The Pirates were grossly outmatched against the Yankees, who had won their tenth pennant in twelve years. Indeed, the Bronx Bombers outscored the Pirates 55–27 in this Series, outhit them 91–60, outbatted them .338 to .256, hit ten home runs to Pittsburgh's four (three of the latter's coming in Game 7), got two complete game shutouts from Whitey Ford—and lost. The Pirates' inconsistent pitching resulted in the peculiar combination of close games and routs. Law and Ford were both excellent for their teams. Pirates relief pitcher Elroy Face was a major factor in several games.

NL Pittsburgh Pirates (4) vs. AL New York Yankees (3)

Game Date Score Location Time Attendance
1 October 5 New York Yankees – 4, Pittsburgh Pirates – 6 Forbes Field 2:29 36,676[1]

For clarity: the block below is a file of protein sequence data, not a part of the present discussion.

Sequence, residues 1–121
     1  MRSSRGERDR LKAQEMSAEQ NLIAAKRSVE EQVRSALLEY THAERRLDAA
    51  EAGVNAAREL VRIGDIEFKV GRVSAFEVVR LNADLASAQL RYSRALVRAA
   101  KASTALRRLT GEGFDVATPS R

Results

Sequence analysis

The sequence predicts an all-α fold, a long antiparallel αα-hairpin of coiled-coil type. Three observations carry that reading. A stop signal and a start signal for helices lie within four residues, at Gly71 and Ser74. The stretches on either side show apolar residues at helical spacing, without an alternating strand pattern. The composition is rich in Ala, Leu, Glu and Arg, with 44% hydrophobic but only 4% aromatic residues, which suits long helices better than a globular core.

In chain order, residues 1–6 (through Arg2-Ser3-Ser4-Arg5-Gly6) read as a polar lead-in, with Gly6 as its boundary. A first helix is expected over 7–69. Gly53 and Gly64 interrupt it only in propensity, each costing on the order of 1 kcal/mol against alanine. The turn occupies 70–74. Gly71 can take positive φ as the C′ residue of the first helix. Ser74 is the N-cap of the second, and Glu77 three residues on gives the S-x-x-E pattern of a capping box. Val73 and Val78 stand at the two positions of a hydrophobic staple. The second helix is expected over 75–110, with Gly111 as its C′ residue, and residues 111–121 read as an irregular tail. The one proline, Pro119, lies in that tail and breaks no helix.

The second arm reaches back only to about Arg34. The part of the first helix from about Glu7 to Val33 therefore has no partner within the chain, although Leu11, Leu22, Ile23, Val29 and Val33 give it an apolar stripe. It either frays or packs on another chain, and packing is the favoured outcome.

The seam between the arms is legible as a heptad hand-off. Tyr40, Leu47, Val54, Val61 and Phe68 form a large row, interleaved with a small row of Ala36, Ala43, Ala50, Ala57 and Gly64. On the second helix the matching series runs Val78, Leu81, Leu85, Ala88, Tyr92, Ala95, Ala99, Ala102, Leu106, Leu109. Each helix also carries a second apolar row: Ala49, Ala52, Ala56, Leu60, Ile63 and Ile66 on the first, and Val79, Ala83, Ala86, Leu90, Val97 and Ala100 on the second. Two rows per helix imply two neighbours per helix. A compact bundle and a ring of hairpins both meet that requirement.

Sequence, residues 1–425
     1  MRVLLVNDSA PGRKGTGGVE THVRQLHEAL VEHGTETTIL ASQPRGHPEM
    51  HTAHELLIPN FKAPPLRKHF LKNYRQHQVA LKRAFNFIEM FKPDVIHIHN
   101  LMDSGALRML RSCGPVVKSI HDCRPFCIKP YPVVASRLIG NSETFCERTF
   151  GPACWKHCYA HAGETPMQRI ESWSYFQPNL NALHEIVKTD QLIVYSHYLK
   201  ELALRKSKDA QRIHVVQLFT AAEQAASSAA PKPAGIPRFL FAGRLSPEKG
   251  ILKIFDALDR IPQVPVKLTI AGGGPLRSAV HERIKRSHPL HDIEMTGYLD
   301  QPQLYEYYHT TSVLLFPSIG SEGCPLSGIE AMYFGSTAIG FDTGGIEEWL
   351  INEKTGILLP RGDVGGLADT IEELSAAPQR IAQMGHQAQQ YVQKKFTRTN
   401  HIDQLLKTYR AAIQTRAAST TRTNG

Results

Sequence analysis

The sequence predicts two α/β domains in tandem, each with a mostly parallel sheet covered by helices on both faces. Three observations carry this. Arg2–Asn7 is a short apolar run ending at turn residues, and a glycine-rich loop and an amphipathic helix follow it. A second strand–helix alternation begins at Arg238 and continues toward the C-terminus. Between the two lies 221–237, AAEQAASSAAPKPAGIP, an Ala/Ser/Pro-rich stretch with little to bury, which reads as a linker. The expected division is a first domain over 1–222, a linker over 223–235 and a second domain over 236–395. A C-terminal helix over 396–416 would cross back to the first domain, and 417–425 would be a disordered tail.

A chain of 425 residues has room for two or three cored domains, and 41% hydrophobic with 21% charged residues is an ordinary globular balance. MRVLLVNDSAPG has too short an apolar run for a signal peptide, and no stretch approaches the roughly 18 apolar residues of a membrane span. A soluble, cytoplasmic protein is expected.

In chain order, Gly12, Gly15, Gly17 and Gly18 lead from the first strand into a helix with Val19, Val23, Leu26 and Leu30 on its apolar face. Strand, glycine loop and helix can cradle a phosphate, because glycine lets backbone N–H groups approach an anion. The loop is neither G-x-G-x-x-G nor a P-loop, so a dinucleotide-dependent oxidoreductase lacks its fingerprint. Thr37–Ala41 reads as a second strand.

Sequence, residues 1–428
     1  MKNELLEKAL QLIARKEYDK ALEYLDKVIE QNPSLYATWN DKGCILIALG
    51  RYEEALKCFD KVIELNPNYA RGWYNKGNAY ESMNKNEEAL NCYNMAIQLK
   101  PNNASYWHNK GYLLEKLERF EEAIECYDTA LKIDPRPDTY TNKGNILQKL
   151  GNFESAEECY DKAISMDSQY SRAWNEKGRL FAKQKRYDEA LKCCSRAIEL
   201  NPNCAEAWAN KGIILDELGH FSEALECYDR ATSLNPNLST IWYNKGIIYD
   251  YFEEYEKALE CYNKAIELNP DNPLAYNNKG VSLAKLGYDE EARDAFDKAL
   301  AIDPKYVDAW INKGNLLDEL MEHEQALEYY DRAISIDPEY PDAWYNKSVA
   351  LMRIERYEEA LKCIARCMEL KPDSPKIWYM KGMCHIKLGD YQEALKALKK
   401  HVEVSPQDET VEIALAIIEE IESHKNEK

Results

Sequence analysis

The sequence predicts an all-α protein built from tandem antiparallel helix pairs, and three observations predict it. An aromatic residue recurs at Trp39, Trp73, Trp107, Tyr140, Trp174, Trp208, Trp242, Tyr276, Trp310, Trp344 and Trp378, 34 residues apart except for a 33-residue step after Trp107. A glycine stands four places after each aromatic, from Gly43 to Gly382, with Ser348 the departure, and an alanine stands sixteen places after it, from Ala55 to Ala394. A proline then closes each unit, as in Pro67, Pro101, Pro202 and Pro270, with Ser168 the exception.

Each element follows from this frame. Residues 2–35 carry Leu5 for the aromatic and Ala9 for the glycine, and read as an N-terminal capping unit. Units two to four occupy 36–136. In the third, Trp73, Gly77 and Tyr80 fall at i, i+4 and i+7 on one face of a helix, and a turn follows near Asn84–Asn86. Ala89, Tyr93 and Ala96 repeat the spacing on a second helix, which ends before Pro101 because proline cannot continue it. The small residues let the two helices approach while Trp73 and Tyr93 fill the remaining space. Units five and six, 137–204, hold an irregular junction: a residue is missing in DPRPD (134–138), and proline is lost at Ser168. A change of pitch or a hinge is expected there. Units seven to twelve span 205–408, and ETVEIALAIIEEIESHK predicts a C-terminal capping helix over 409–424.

2 October 6 New York Yankees – 16, Pittsburgh Pirates – 3 Forbes Field 3:14 37,308[2] 
3 October 8 Pittsburgh Pirates – 0, New York Yankees – 10 Yankee Stadium (I) 2:41 70,001[3] 
4 October 9 Pittsburgh Pirates – 3, New York Yankees – 2 Yankee Stadium (I) 2:29 67,812[4] 
5 October 10 Pittsburgh Pirates – 5, New York Yankees – 2 Yankee Stadium (I) 2:32 62,753[5] 
6 October 12 New York Yankees – 12, Pittsburgh Pirates – 0 Forbes Field 2:38 38,580[6] 
7 October 13 New York Yankees – 9, Pittsburgh Pirates – 10 Forbes Field 2:36 36,683[7]


Game 1

Wednesday, October 5, 1960, at Forbes Field in Pittsburgh, Pennsylvania

Team 1 2 3 4 5 6 7 8 9 R H E
New York 1 0 0 1 0 0 0 0 2 4 13 2
Pittsburgh 3 0 0 2 0 1 0 0 X 6 8 0

WP: Vern Law (1–0)  LP: Art Ditmar (0–1)  SV: Roy Face (1)  
HRs:  NYY – Roger Maris (1), Elston Howard (1)  PIT – Bill Mazeroski (1)